body.
adjuvant – agents that have few or limited effects when given by
themselves, however when given in combination with another agent
enhances its effects on the body.
albaspidin – an anthelmintic compound extracted from aspidium.
albuminuria - the presence of albumin (a protein) in the urine which
can be an indicator of kidney damage.
alexiteric – a substance used against poisoning or snake venom.
alion – a bitter yellow compound isolated from the aloe plant, which
is used as a laxative to induce intestinal peristalsis.
alkaloid - any of numerous organic substances (such as nicotine or
caffeine) containing nitrogen that are often physiologically active.
allopathic – a term coined by Hahnemann, founder of homeopathy,
to describe the western medical system that aims to combat disease by
the use of surgery or drugs which directly counter a patient’s
symptoms.
aloe emodin – a variety of purgative anthraquinone resin found in
socotrine, barbados, and zanzibar aloes.
alterative – traditionally known as blood cleansers, these herbs
gradually restore proper function in the body, thus improving health
and increasing vitality.
alternate - growing at alternating intervals on either side of the stem.
amenorrhea - abnormal absence or suppression of menstruation.
annual – a plant that completes a life cycle in one year or growing
cycle.
anodyne – a substance, usually applied externally, that serves to ease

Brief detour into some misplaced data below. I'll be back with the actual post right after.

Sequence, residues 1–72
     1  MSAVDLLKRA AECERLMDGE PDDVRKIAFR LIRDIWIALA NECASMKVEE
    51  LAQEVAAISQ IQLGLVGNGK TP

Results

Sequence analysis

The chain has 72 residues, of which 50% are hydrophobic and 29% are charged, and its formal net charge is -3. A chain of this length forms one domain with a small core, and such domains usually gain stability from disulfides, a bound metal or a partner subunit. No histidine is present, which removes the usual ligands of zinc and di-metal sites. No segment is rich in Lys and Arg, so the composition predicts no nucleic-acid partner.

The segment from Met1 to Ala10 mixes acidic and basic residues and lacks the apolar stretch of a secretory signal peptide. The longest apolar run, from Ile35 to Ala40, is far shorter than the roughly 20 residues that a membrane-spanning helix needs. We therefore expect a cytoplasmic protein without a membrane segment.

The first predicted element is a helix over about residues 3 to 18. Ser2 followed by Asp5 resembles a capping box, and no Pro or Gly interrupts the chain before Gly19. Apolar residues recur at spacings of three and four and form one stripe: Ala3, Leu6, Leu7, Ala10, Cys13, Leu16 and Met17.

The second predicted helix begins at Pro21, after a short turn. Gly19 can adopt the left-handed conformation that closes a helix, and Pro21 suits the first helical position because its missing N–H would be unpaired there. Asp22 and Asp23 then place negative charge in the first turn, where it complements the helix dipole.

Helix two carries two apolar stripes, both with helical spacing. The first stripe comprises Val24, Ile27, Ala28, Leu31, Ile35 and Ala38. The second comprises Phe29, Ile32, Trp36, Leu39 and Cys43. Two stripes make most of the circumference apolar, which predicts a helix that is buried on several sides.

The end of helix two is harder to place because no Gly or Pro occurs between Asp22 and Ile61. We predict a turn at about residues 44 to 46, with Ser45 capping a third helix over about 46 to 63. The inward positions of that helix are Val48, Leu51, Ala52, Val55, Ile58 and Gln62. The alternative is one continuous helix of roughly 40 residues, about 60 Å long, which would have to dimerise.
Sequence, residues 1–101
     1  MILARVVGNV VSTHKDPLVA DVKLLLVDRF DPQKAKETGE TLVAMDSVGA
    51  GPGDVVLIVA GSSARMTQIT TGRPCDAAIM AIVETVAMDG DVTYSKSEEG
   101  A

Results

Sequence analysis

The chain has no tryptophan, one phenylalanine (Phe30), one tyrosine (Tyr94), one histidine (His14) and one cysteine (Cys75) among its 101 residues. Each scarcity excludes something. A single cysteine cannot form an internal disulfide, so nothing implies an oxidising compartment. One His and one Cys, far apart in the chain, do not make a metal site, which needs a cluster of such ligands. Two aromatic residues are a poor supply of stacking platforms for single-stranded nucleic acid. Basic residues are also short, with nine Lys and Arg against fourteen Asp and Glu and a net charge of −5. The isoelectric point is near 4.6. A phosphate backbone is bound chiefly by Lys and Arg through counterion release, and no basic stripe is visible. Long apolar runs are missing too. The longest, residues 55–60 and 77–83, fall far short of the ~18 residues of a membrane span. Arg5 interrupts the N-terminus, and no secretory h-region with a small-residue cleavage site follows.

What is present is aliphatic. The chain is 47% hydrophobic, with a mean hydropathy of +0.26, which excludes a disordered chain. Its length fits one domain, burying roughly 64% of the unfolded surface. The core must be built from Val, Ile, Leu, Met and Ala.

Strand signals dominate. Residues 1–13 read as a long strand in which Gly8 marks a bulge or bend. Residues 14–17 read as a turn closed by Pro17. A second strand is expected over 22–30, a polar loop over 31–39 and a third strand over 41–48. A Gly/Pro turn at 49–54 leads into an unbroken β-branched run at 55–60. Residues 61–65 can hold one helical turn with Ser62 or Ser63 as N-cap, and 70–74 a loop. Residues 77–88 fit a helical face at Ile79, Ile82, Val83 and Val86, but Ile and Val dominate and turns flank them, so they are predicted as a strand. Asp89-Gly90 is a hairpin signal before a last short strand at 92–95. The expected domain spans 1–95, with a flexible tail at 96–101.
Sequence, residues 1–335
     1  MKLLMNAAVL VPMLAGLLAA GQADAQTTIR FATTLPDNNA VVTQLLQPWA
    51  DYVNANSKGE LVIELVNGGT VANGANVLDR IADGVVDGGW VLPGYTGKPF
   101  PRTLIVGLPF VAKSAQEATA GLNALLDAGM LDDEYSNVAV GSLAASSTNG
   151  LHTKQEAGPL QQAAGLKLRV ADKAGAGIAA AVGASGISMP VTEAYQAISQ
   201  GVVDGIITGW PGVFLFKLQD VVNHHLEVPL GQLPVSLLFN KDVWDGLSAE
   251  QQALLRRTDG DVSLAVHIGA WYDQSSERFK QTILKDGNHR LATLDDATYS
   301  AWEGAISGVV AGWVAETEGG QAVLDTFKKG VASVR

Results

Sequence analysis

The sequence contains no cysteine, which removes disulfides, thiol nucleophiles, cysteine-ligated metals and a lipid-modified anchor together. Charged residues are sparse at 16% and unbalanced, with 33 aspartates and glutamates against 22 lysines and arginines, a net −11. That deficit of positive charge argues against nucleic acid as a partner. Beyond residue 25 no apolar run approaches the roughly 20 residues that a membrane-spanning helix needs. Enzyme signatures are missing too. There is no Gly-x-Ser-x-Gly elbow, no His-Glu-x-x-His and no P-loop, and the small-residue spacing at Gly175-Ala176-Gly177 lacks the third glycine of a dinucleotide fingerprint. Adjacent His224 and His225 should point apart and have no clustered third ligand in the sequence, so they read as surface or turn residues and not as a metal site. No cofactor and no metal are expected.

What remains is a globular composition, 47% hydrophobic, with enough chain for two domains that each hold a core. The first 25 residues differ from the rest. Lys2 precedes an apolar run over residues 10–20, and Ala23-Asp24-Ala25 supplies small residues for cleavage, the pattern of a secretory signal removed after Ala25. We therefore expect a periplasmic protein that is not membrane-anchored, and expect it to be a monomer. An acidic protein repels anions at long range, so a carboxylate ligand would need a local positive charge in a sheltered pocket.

pain.
anthelmintic – kills and/or expels parasitic worms especially of the
intestine.
anthraquinone - a substance found in many plants, lichens, fungi, and
insects which serves as a basic skeleton for their pigments, used in the
commercial manufacture of pigments and dyes and used medicinally as
a laxative.
antibacterial – a substance or process used against bacteria.

349
anticancer – a substance or process used against cancer.
anticoagulant - a substance that interferes in coagulation of the
blood.
anti-inflammatory – a substance that relieves inflammation.
antimetabolite - a substance with structure similar enough to a
metabolite to function for normal biochemical reactions, however
different enough to inhibit the function of cells. antimetabolites are
used in cancer treatment, antibiotics, and sulfa drugs.
antimicrobial – a substance that destroys or inhibits the growth of
pathogenic microbes, like bacteria, fungi, and viruses.
antioxidant – a substance that can slow or prevent the oxidation of
other molecules.
antimutagenic – a substance that reduces the rate of mutation of
cells.
antiparalytic – a substance that helps to relieve the symptoms of
paralysis.
antiperiodic – a substance used to prevent the periodic return of
illness, such as malaria.
antiprogesterone – a substance which interferes in the production of
progesterone, a steroid produced by the adrenal glands, brain, and
during early pregnancy the corpus luteum and then later the placenta.
Progesterone, which has a symbiotic relationship with estrogen, helps
the uterus provide a fertile bed for the fetus and is integral to fetal
development.
antiseptic – a substance applied externally to the body to help prevent
infection.
antispasmodic – a substance that suppresses the contraction of
smooth muscles, like the uterus, stomach, intestine, and urinary
bladder.
antitussive – a substance used to suppress coughing, used with dry
coughs.
antiviral – a substance used to treat viral infections.
aphrodisiac – a substance believed to excite sexual desire.
apiol – an organic chemical compound found in parsley seeds and
essential oil.
aromatic – a volatile substance which has a detectible smell or odor.
astringent – a substance used externally to shrink mucous
membranes.

350